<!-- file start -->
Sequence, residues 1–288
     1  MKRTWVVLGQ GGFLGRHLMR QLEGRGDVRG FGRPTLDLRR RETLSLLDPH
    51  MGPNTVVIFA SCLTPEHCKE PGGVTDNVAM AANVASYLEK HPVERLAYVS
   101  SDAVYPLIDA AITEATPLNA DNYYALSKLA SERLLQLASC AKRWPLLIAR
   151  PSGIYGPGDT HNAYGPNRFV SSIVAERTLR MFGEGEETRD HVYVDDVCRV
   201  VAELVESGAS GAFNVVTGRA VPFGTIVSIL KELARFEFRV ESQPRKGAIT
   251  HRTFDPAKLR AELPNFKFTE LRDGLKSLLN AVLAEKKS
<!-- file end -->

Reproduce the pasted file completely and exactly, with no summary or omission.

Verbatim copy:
Sequence, residues 1–288
     1  MKRTWVVLGQ GGFLGRHLMR QLEGRGDVRG FGRPTLDLRR RETLSLLDPH
    51  MGPNTVVIFA SCLTPEHCKE PGGVTDNVAM AANVASYLEK HPVERLAYVS
   101  SDAVYPLIDA AITEATPLNA DNYYALSKLA SERLLQLASC AKRWPLLIAR
   151  PSGIYGPGDT HNAYGPNRFV SSIVAERTLR MFGEGEETRD HVYVDDVCRV
   201  VAELVESGAS GAFNVVTGRA VPFGTIVSIL KELARFEFRV ESQPRKGAIT
   251  HRTFDPAKLR AELPNFKFTE LRDGLKSLLN AVLAEKKS